This is where things can go wrong: sometimes, ibtool fails to read the status from the named pipe and returns with exit code 255. The named pipes created by ibtool are created and destroyed on every execution. Combine that with the usage of shared memory, concurrent builds and a possible conflict in the naming of the named pipes, and you have a recipe for disaster. We didn’t have an exhaustive understanding of how ibtool worked, but it was enough to figure out that this was a fragile tool prone to race conditions.

Digging for Answers

We continued our journey into ibtool by searching for all call sites to “getenv” in hopes of finding other interesting environment variables that would affect its behavior. This is where we hit the jackpot:

if ( getenv("IBToolNeverDeque") ) { IBExecDirectly(); } else { /* use daemon process */ }

This is just a simplified version of the actual code, but it shows that if the "IBToolNeverDeque" environment variable is set, ibtool will “execute ibtool directly” without using the convoluted logic with the shared memory and named pipes that cause it to sometimes fail. The complete if statement also checks for “RC_BUILDIT,” “RC_XBS” and “IBCLIServerNeverDequeue,” but we chose to go with “IBToolNeverDeque.”

The IBExecDirectly() function still uses ibtoold, but in a different way: it creates a copy of the ibtool executable as “ibtoold” and then calls it using command-line parameters instead of using shared memory and named pipes. We don’t really know why it does that, but it does look much safer. We modified Jenkins to set the “IBToolNeverDeque” environment variable to 1 and launched a new build.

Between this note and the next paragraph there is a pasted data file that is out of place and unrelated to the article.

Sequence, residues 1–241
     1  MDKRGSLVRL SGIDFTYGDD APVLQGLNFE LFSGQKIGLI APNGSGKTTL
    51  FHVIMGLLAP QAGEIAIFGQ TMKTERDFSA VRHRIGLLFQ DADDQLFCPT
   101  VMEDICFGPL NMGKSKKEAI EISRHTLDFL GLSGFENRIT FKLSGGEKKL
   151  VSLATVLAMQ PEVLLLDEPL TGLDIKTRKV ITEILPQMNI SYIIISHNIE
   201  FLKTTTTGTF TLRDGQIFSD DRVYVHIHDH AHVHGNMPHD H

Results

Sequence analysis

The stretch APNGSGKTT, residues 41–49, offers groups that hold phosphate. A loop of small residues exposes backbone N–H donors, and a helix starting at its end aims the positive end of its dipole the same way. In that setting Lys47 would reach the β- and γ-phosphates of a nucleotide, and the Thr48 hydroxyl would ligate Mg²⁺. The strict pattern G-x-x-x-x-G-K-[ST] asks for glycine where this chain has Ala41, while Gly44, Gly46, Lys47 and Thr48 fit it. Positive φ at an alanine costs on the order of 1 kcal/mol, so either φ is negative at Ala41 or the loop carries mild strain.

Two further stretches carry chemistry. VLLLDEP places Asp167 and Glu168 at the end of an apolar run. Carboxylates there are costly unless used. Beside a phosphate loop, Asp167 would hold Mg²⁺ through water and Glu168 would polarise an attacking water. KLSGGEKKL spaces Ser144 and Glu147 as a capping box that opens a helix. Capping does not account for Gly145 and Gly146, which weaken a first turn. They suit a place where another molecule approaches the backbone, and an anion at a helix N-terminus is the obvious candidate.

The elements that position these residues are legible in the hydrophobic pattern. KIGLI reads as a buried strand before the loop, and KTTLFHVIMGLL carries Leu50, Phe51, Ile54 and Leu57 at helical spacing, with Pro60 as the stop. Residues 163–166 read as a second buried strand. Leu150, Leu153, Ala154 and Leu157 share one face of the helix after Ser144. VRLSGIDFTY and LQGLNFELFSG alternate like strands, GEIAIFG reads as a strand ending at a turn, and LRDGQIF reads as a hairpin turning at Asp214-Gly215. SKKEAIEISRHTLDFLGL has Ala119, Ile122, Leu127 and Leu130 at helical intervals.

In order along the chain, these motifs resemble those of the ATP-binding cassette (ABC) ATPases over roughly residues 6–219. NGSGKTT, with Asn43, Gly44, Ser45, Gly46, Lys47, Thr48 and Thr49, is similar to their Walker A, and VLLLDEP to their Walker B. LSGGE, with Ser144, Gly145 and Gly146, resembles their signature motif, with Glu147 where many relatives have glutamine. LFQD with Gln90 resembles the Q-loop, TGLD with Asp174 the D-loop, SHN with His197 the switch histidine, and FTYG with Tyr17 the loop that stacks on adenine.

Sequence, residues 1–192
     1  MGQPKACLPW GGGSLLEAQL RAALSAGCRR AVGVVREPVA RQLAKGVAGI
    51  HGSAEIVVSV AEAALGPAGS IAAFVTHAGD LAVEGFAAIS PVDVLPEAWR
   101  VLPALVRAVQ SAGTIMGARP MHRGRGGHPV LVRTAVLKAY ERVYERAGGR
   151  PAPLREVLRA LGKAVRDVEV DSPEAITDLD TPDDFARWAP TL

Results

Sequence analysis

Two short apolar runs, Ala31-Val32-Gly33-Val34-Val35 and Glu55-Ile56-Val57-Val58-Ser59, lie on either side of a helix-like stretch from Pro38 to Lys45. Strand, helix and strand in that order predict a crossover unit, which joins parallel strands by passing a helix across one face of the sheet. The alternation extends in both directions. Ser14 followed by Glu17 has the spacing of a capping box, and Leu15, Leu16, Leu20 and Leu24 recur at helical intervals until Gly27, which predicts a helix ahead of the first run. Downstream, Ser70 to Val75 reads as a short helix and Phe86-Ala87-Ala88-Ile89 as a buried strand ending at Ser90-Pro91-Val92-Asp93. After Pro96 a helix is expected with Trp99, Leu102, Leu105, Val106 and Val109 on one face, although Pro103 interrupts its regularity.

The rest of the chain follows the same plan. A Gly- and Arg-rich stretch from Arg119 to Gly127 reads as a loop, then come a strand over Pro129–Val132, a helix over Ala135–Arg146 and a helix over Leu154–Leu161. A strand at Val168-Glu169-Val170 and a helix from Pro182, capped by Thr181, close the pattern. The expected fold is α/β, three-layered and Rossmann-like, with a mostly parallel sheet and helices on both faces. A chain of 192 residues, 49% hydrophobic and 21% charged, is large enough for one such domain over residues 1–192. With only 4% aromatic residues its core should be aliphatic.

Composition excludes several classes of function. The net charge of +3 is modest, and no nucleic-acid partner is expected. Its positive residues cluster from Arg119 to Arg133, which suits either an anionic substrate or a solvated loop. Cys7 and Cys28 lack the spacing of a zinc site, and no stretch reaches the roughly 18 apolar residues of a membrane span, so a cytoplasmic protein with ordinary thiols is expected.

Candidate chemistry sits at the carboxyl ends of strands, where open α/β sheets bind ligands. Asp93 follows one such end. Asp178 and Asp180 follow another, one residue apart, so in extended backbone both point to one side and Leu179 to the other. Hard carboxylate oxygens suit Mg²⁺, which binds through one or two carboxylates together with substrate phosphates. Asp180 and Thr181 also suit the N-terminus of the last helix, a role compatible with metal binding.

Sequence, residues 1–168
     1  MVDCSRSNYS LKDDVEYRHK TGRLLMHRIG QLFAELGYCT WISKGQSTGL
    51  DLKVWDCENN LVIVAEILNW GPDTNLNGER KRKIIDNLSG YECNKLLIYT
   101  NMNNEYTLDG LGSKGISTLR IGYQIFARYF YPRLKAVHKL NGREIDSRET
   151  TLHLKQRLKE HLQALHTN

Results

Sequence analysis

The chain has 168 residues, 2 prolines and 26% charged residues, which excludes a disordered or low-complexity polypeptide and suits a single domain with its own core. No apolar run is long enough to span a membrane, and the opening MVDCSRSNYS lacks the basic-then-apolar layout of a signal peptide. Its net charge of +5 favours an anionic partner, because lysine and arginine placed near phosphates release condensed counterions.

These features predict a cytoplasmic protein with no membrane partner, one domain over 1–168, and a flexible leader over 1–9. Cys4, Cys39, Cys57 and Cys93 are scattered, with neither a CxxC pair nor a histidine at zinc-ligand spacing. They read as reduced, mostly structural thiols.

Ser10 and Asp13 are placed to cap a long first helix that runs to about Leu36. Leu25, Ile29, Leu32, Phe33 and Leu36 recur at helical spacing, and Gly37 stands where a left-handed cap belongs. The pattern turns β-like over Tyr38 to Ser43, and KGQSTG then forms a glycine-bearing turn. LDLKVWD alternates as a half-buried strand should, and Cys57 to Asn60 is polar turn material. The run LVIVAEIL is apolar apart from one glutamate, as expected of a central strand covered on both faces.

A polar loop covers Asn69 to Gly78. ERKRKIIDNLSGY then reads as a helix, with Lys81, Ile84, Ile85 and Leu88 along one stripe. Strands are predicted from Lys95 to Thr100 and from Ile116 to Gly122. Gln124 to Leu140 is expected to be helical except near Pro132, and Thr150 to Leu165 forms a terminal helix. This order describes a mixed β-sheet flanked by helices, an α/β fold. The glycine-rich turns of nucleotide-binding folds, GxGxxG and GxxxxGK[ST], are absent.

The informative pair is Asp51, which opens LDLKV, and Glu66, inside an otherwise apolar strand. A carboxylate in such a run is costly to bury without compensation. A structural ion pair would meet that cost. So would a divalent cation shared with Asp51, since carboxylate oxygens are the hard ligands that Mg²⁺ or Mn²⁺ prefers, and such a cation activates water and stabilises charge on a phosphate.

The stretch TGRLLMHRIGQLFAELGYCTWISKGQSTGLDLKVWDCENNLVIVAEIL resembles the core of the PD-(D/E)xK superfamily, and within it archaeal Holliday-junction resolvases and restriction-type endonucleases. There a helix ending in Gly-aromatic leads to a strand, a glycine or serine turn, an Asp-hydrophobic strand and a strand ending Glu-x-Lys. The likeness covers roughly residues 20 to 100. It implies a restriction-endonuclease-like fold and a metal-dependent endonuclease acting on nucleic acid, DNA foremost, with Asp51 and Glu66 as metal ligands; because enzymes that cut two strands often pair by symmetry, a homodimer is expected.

Now We Are Free

The new build passed, then the next one, and the one after that. We didn’t want to call it victory and jinx it, so we ran the build 5 times in a row. All of them passed. With this change, the ibtool log file became much smaller, with a single message: “ibtool executing directly.” That’s it, nothing else, and most importantly: no errors.

We monitored Jenkins for the next couple of days, just in case, but there was no room for error: the fix actually worked! After seeing so much red in Jenkins, all that green never looked so good.

We hope that this solution can help other developers desperately looking for an answer,  and avoid the situation so accurately depicted in the “Wisdom of the Ancients” XKCD comic.